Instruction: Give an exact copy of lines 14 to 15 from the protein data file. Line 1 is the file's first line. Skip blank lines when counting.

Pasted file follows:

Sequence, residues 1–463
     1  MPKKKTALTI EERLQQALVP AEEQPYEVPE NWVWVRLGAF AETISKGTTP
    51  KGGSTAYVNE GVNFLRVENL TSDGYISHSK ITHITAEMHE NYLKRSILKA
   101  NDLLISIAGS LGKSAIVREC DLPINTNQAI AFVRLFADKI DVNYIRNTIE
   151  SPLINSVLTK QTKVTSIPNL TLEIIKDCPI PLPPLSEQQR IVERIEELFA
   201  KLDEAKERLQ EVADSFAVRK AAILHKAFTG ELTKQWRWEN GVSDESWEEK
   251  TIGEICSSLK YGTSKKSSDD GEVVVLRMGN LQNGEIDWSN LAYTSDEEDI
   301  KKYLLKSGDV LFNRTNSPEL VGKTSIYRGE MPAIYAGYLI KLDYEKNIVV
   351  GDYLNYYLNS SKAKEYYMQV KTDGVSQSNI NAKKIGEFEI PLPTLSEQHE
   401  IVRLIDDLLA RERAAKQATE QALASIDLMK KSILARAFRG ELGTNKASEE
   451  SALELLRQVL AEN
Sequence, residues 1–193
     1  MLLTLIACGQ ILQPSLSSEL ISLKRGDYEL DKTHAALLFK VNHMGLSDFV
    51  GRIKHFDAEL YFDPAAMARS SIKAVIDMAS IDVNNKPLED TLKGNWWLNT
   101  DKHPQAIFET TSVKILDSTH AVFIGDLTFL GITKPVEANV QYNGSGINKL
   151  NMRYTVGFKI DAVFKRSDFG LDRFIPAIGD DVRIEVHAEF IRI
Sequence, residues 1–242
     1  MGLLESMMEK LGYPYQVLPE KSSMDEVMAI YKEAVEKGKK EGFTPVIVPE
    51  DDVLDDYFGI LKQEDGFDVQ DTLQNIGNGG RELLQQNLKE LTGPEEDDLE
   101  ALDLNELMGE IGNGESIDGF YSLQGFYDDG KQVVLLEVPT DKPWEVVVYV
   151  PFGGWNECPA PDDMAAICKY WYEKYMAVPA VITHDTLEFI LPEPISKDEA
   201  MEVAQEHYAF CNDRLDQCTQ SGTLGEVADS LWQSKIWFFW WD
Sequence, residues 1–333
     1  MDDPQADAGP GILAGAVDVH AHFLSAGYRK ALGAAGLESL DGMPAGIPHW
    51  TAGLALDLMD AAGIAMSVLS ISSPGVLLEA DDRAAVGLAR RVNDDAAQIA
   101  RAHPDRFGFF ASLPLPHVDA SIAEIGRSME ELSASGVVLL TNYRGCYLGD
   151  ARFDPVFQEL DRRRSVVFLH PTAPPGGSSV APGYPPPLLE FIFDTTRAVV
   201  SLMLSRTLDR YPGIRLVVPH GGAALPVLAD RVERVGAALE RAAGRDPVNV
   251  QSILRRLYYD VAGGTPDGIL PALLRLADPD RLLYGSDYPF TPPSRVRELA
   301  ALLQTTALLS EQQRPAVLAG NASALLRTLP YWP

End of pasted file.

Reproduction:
    51  GRIKHFDAEL YFDPAAMARS SIKAVIDMAS IDVNNKPLED TLKGNWWLNT
   101  DKHPQAIFET TSVKILDSTH AVFIGDLTFL GITKPVEANV QYNGSGINKL